Bingo. Had the Fed and the FDIC not managed to work the Treasury to auction some banks during the crisis, the FDIC would have lacked the funds to fully cover its obligations. IndyMac had put a large strain on the FDIC and WaMu's potential failure alone threatened to wipe out the rest of the fund.
Originally Posted by Bern
In a way we already have this, because with the lender of last resort there is always a reserve.
Keep in mind that if this was in place, it would not have a bearing on how much money was printed.
Yes and no. Under the current system, any credit actions have monetary impacts and vice-versa. The "full reserve" you allude to only works via monetary mechanisms. A full reverse system by mandate doesn't necessitate open market operations or fed lending.
Originally Posted by SpreadOfLiberty
I'm not quite sure I agree with the second point. All else equal, a 100% reserve system must restrict the number of dollars that are printed (even if only at the replacement rate) as the money stock is reduced via the reduction in the multiplier.
it would be nice if guns stopped being pointed at my head and my time an my skills were left for my enjoyment.
Originally Posted by Seraphim
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- Fiat Banking - Your supply of capital is limited to whatever arbitrary limit those who have limitless currency resources allow.
- There is no 'law' - Only psychopaths who pervert just principals for their own enrichment while violently stealing your wealth, your future, and your life if need be.
FDIC DID LACK THE FUNDS. We simply did not audit the Big 5 banks. They tap danced around and instead of marching in a slew of independent auditors the politicians let them "self assess" their own books and give Congress a "stress test" report. They also refused to include the derivative exposure in the solvency investigations.
Bank of America`s total credit exposure to derivatives was 179 percent of its risk-based capital; Citibank`s was 278 percent; JPMorgan Chase`s, 382 percent; and HSBC America`s, 550 percent. It gets even worse: Goldman Sachs began reporting as a commercial bank, revealing an alarming total credit exposure of 1,056 percent, or more than ten times its capital!
There is no way that 16 of the top 19 banks in the US could have survived a true audit.... nor could they now. It is the dirty little secret nobody in Washington wants to talk about. As long as nothing is audited and we don't assess the derivatives you can limp along pretending to be in business forever.... as we are witnessing.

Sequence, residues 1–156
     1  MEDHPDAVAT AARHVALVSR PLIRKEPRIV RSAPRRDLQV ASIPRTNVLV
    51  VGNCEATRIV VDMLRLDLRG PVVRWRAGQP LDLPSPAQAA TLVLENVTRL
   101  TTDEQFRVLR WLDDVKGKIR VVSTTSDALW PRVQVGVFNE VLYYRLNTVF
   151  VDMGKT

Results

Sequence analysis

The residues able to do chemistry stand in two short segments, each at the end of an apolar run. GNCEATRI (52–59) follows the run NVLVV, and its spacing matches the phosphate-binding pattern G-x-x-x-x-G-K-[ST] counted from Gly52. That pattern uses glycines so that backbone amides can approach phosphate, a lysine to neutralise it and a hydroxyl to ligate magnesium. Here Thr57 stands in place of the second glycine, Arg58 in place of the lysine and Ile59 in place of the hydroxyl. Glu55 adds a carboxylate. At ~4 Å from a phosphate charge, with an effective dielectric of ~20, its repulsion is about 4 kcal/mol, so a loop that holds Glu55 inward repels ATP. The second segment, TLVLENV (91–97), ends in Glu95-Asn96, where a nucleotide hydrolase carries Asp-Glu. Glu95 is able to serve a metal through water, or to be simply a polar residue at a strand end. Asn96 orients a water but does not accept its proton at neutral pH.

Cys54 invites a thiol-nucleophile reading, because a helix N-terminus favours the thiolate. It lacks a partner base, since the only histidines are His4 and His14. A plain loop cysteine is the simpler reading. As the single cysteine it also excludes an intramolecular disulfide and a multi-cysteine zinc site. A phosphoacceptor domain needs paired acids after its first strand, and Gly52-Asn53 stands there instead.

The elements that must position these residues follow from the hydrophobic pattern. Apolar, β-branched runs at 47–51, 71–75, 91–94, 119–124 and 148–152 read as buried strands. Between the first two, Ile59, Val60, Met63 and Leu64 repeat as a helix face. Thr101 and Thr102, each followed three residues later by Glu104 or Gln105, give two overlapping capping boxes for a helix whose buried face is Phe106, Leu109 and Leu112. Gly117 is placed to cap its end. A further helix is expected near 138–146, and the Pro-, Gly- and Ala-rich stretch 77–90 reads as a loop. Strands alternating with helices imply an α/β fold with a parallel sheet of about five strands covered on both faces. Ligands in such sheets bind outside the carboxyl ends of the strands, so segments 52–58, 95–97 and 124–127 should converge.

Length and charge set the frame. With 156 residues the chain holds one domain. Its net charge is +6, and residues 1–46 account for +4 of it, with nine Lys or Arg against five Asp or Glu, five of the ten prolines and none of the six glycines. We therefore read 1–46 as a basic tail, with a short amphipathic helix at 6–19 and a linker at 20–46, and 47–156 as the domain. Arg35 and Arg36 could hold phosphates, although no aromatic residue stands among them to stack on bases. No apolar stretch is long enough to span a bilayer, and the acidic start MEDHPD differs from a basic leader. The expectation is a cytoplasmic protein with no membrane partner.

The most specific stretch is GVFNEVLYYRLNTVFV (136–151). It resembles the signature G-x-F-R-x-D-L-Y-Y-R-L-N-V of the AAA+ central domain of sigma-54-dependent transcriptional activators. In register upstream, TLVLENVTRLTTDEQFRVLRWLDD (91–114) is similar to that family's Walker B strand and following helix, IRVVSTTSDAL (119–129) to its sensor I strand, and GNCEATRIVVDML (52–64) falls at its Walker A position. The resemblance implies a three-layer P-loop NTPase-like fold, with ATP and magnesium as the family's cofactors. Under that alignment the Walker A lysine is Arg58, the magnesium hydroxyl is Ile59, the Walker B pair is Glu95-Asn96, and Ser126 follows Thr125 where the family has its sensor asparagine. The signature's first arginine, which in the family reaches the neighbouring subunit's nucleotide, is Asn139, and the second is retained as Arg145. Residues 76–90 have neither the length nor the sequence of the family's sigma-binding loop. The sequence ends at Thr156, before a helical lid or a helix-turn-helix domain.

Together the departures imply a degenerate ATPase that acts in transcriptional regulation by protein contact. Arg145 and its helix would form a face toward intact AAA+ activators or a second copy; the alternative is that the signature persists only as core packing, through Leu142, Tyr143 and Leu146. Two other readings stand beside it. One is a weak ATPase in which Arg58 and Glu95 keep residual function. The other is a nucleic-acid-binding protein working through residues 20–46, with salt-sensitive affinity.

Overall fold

This is what happens when you let your government run a $1.5 trillion dollar a year deficit to the same bankers they are supposed to regulate, audit and protect us from. Government debt is corruption in its purest form. Our government is a "money junkie" that cannot be trusted in the slightest bit.
Last edited by adams101; 12-13-2012 at 07:29 PM.
Slow down there. The FDIC only lacked the funds if the banks you listed had failed. They didn't. We bailed them out. (I'm not saying this was good policy.)
Originally Posted by adams101
The whole point of an insurance pool is that you're betting that very rare long tail risks never occur. If everyone's house suddenly caught on fire, the fire insurers would not be able to cover the loses. Most investors wouldn't consider insurance companies functionally insolvent or short of funds in spite of this.
Again, whether the policy was good or not is irrelevant to the discussion of whether the FDIC was solvent at this point in time. It was. Could it have handled another large failure? Absolutely not. It didn't have to, in this case.
I like the Chicago plan and it deserves serious consideration by the public.
Personally, if I were to reform the system I would take a slightly different tack. Instead of focusing on forcing banks to keep 100% on hand for demand deposits which is problematic because banks will switch to near-deposits...I would question whether we even need the the bank as we know it now if they aren't lending deposits.
A good percentage of the monetary base is electronic...but ONLY banks can access this. This gives them an unfair market function that you and I don't have, and they are wasteful middeman. I vote...let us have direct deposits at the Fed (or better yet the treasury) instead of the indirect deposits we have now.
Without lending...there is no need for a convulated banking system. The treasury could allow you to open direct deposits with them, you could write checks from these accounts and they could issue debit cards that didn't have transaction fees.
Allowing the public direct access to electronic MB is how we'll get true reform.